Inter-American Commission on Human Rights Reviews Freedom of Speech in Guatemala

February 25, 2013

FOR IMMEDIATE RELEASE

Contact: Mark Camp, Deputy Executive Director, 617-441-5400 x11

mcamp@cs.org

Agnes Portalewska, Communications Manager, 617-441-5410 x14

agnes@cs.org

 

   

Inter-American Commission on Human Rights Reviews Freedom of Speech in Guatemala:

Cultural Survival to Represent Guatemala's Community Radio Movement at Inter-American Commission on Human Rights Hearing

 

Cambridge, MA (March 14, 2013) - On March 15, in Washington D.C., the Inter-American Commission on Human Rights (IACHR) will hold a hearing during its 147th Period of Sessions concerning the freedom of expression of Indigenous Peoples in Guatemala. The hearing will address the status of community radio in Guatemala, which despite being guaranteed to Indigenous Peoples by the UN Declaration on the Rights of Indigenous Peoples, the 1996 Peace Accords, and the Guatemalan Constitution, is not legal under the country's current telecommunications law. Cultural Survival's Cesar Gomez along with Alma Temaj, Salvador Quiacain, and Leopoldo Zeissig will represent the Guatemalan community radio movement. The hearing will be transmitted live to community radio stations in Guatemala.
 

For over a decade, Indigenous radio advocates have been lobbying the Guatemalan Congress to legalize community radio. For seven years, Cultural Survival, an Indigenous Peoples rights organization based in Cambridge, MA, has partnered with a network of over 80 community radio stations across Guatemala, many of which broadcast in one or more of the country's 23 Indigenous languages, in building the stations' capacity and supporting their legalization efforts. The proposed Community Media Bill, Initiative 4087, which would create legal authorizations for nonprofit community radio by allowing Indigenous Peoples equal access to the radio spectrum, has been awaiting congressional approval since 2010.

 

The community radio movement in Guatemala is racing against the clock. Another piece of proposed legislation, Initiative 4479, proposed in July 2012, would criminalize the use of the radio spectrum for any actors not authorized to do so. The bill aims to take community radio stations that are fighting for legal recognition off the air. It would sanction the imprisonment of individual actors and representatives of radio stations that do not have legal authority to broadcast with a penalty of up to ten years in prison. Both Bill 4479 and Bill 4087 have been recommended favorably by committees in the Guatemalan Congress, but so far neither have been scheduled on the congressional agenda.

 

In October 2011, Cultural Survival's sister organization in Guatemala, Sobrevivencia Cultural, submitted an action of unconstitutionality to the Constitutional Court in Guatemala, declaring economic and ethnic discrimination in the state's mechanism for distribution of radio frequencies. The action argued that by auctioning off frequency licenses to the highest bidder, Indigenous communities, who historically and currently are among the most economically disadvantaged in the country, lack fair access to state-owned media.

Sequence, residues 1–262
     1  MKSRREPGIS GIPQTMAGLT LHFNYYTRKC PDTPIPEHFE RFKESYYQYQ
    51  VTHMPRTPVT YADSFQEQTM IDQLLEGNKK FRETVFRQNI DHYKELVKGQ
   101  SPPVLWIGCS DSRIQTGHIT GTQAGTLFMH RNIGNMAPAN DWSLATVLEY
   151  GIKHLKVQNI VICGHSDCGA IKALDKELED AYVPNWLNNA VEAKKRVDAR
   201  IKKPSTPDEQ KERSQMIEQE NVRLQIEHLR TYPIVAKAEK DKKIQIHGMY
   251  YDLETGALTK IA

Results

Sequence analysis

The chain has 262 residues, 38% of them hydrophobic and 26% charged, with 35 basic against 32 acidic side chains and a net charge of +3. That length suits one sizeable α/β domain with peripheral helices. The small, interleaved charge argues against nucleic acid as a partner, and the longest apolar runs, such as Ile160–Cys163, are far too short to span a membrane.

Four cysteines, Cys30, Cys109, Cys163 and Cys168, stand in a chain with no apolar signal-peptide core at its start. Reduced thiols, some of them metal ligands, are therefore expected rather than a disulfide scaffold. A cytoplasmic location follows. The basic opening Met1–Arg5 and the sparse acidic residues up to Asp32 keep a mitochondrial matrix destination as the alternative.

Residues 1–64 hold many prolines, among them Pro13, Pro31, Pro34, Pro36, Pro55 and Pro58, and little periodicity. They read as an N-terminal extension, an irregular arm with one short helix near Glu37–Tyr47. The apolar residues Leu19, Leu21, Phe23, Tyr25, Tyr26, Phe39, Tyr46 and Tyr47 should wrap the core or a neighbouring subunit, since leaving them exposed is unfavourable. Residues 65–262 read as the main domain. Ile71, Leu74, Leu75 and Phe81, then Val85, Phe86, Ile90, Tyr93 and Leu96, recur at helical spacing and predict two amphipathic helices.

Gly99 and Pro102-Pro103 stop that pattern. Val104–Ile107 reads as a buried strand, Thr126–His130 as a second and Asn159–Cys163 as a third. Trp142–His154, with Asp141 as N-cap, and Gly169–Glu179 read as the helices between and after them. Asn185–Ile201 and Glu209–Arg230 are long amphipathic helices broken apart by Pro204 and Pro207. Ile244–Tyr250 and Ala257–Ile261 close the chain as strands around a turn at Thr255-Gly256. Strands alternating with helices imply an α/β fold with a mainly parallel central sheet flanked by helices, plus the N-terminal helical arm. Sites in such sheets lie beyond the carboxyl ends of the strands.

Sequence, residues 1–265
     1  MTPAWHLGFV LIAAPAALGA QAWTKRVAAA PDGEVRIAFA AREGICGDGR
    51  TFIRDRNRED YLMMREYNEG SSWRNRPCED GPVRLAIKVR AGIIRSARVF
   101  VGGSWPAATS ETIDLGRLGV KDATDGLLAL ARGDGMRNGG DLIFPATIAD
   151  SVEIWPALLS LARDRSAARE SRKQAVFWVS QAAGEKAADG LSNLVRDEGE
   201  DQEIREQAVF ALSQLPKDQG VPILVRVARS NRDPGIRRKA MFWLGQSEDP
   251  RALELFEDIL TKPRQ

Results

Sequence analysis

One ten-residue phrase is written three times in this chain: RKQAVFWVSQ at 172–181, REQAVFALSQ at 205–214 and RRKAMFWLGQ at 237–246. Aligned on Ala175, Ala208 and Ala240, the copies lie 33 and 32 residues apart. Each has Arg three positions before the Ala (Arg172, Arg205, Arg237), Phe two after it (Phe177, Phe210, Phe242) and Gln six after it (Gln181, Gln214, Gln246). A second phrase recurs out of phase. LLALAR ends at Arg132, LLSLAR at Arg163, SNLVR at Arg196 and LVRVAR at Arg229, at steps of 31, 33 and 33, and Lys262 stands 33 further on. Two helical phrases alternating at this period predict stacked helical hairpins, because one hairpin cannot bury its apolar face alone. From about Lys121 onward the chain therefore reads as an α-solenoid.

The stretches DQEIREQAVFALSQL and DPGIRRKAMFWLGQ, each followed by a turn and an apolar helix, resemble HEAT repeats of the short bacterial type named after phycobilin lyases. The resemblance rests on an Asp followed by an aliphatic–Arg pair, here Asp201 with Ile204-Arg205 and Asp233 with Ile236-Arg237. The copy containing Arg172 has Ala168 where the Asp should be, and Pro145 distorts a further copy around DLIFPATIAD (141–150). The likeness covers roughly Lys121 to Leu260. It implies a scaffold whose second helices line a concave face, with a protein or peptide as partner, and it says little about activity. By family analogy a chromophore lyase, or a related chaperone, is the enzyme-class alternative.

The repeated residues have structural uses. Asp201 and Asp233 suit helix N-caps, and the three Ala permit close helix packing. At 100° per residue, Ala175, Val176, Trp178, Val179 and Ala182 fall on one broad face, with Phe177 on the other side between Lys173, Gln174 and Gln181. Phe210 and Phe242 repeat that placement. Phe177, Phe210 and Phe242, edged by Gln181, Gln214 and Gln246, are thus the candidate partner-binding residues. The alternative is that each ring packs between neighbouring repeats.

In March 2012, the Constitutional Court of Guatemala ruled against the action, upholding the telecommunications law as is.  However, the court did recommend the congress legislate in favor of Indigenous People's access to radio. In response, Cultural Survival submitted a petition to the IACHR in September 2012  arguing that Guatemala is violating Indigenous Peoples' rights to freedom of expression, culture and media.  The petition has not yet been addressed by the IACHR.  However, if the IACHR rules in favor of the petition and Guatemala does not comply with its recommendations, they may decide to refer the case to the Inter-American Court on Human Rights..  Decisions of the Inter-American Court are binding, meaning that the state of Guatemala would be required to change the law if the Court were to find that Guatemala is violating its obligations under American Convention on Human Rights.

The value community radio brings to Indigenous people is innumerable. In Guatemala, community radio is the best tool to provide rural, Indigenous Guatemalans with the news and information that they need. In many cases, community radio is the only medium that reaches people who are illiterate or do not speak Spanish. Community radio stations, which broadcast locally in Mayan languages and Spanish, provide a crucial venue for educational programs, local, national, and international news, and health and emergency information. They instill pride in a community's heritage and contribute to maintaining local languages strong and relevant. Special Rapporteur on the Rights of Indigenous Peoples, James Anaya, on World Radio Day 2012 said, "Radio has been a fundamental means for Indigenous Peoples to maintain their languages and to exercise and defend their rights."

 

The hearing on March 15 will bring the Guatemala community radio movement to the attention of the IACHR. Mark Camp, Deputy Executive Director of Cultural Survival, stated in reference to the hearing and its potential repercussions, "Our hope is that the government of Guatemala will finally choose to meet its obligations and respect the right of Indigenous communities to have their own media."

 

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